Convolution theorem; integration

1. Jan 10, 2014

unscientific

1. The problem statement, all variables and given/known data

Part(a)/(b)/(c): Fourier transform the following:

Part(d): Prove the convolution theorem

Part (e): Find total displacement

2. Relevant equations

3. The attempt at a solution

Part(a)
$$f = \frac {1}{sqrt{2\pi}} \int_{-\infty}{\infty} F e^{-iωt} dω$$

$$\frac {1}{\sqrt{2\pi}} \int_{-T}{T}$$
$$= \frac{1}{iω\sqrt{2\pi}} [e^{iωT} - e^{-iωT}]$$
$$= \sqrt{\frac{2}{\pi}} \frac {sin (ωt)}{ω}$$

Part (b)
$$F_2 = \frac{1}{\sqrt{2\pi}} \int_{-\infty}^{0}e^{-at}e^{iωt} dt + \frac{1}{\sqrt{2\pi}} \int_{0}^{\infty}e^{-at}e^{iωt} dt$$
$$= -\frac{2a}{\sqrt{2\pi}(a^2 + ω^2)}$$

Part(c)

Using result from (b):
$$F_2 = -\frac{2a}{\sqrt{2\pi}(a^2 + ω^2)}$$

Let a = 1,

$$e^{-|t|} = -\frac{1}{2\pi} \int_{-\infty}^{\infty} \frac {2}{1+ω^2} e^{-iωt} dω$$

$$t→-t,$$
$$e^{-|-t|} = \frac {1}{\pi} \int_{-\infty}^{\infty} \frac {1}{1+ω^2} e^{iωt} dω$$

$$t→ω,$$
$$e^{-|ω|} = \frac {1}{\pi} \int_{-\infty}^{\infty} \frac {1}{1+t^2} e^{iωt} dt$$

Part(e)

$$V_{(ω)} = \sqrt{2\pi} F_{(ω)}G_{(ω)} = \frac {2}{\pi} \frac {a sin (ωT)}{a^2 + ω^2}$$

$$sin (ωT) = \frac {1}{2i} (e^{iωT} - e^{-iωT}) ,$$

Taking inverse fourier transform of Vω:

$$V_{(t)} = \frac {1}{i\pi}(\frac{a}{\sqrt{2\pi}}) \int_{-\infty}^{\infty} \frac {1}{a^2 + ω^2} e^{iω(T-t)} dω + \frac {1}{i\pi}(\frac{a}{\sqrt{2\pi}}) \int_{-\infty}^{\infty} \frac {1}{a^2 + ω^2} e^{-iω(t+T)} dω$$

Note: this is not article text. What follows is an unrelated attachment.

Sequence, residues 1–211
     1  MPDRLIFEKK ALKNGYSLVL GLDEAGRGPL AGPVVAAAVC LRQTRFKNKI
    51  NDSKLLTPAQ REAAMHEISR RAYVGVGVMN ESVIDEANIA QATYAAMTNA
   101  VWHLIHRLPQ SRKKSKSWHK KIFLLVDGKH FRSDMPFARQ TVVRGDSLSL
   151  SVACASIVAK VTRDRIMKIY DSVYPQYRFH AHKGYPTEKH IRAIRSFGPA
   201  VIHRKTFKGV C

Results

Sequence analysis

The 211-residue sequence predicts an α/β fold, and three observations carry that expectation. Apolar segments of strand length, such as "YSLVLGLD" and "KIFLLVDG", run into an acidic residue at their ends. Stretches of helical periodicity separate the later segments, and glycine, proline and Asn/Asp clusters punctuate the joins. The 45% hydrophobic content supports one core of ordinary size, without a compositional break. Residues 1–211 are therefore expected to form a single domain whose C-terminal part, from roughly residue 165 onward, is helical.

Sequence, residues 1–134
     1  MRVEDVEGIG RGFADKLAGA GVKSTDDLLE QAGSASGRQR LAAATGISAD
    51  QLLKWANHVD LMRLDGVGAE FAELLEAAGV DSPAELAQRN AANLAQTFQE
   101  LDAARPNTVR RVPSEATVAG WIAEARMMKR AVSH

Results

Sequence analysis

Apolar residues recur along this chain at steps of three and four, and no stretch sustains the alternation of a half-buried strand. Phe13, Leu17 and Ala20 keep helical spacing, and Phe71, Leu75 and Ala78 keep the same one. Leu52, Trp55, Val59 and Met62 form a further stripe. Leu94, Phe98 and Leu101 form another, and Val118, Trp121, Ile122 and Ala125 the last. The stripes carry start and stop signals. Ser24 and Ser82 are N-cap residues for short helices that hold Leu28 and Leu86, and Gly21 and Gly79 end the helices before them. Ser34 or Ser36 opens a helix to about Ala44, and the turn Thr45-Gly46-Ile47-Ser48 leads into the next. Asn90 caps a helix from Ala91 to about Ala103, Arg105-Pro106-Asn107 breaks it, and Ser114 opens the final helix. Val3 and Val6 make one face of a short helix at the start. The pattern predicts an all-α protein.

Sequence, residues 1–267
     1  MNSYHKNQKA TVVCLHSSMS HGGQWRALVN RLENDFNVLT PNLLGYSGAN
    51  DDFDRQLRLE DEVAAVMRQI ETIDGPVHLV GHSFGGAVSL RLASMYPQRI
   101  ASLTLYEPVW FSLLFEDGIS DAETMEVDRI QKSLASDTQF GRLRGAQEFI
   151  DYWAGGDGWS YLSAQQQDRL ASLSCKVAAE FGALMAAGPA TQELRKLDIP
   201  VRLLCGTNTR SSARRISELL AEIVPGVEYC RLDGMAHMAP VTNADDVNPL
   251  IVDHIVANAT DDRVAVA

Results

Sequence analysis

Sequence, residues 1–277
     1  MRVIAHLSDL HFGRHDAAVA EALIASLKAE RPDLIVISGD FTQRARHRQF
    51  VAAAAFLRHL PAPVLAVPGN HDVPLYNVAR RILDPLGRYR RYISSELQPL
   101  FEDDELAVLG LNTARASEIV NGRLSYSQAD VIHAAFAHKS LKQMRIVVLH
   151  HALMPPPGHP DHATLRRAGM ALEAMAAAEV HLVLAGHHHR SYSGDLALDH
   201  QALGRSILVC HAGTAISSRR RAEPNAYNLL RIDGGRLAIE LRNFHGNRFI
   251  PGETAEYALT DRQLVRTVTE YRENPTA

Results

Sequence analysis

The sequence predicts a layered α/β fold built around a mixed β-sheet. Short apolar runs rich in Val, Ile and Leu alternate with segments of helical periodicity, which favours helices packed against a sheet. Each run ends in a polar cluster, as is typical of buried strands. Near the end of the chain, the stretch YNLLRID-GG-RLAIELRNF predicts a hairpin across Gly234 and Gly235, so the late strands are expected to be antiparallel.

My velocity is complex! Strange...

This is related to inverse fourier transform of F2, f2 but as a function of (t-T) and (t+T):

$$i(\frac{1}{\sqrt{2\pi}}) f_2(t-T) - i(\frac{1}{\sqrt{2\pi}}) f_2(t+T)$$
$$= i\frac{1}{\sqrt{2\pi}}[e^{-a|t-T|} - e^{-a|t+T|}]$$

To find the displacement, simply integrate the above with respect to t from -∞ to ∞.

$$s = i\frac{1}{\sqrt{2\pi}} \int_{-\infty}^{\infty} e^{-a|t-T|} dt - i\frac{1}{\sqrt{2\pi}} \int_{-\infty}^{\infty} e^{-a|t+T|} dt$$
$$= i\sqrt{\frac{2}{\pi a}}(e^{-aT} - e^{aT})$$

Again complex displacement.. (and negative)

Last edited: Jan 10, 2014
2. Jan 11, 2014

BruceW

That's some nice work on parts a to c. at the end of part a, it should be $\tau$ (not $t$), but I'm guessing that is just a miss-type. For part e, there is a mistake in this equation:
$$V_{(ω)} = \sqrt{2\pi} F_{(ω)}G_{(ω)} = \frac {2}{\pi} \frac {a sin (ωT)}{a^2 + ω^2}$$
there should be another $\omega$ from $f_1$ (which you have got in part a). And it looks like you've missed out the $\sqrt{2\pi}$ which is on the left hand side of the equation.

Also, there is a simpler way to do part e. You don't need to do the inverse Fourier transform. hint: you have got $\tilde{V}(\omega )$ and you want
$$\int_{-\infty}^{\infty}V(t) dt$$
So, thinking about the definition of the Fourier transform, what is the easiest way to get this?

3. Jan 11, 2014

unscientific

$$\tilde{V}(ω) = \int_{-\infty}^{\infty} V_{(t)} e^{iωt} dt$$

I've been thinking of a way to 'remove' the exp[iωt] from the integral and everything would be perfect. The only way is if ω = 0. But if ω = 0, LHS = 0..

4. Jan 12, 2014

BruceW

yes, use $\omega=0$. The left hand side is not zero, it is $\tilde{V}(0)$ this isn't zero. Even if it was zero, that would still be the correct answer, since the right hand side is exactly what you are looking for.

5. Jan 12, 2014

unscientific

The 0 comes about from the sin (ωT) function and part (a) looks right to me..

6. Jan 12, 2014

BruceW

you have got the correct answer to part (a), but part (a) evaluated at $\omega=0$ is not equal to zero.

edit: you have
$$\sqrt{\frac{2}{\pi}} \frac {sin (ω\tau)}{ω}$$
but this is not zero for $\omega=0$

7. Jan 13, 2014

unscientific

Ah ok, I get it, thanks so much!

8. Jan 13, 2014

BruceW

hehe, no problem!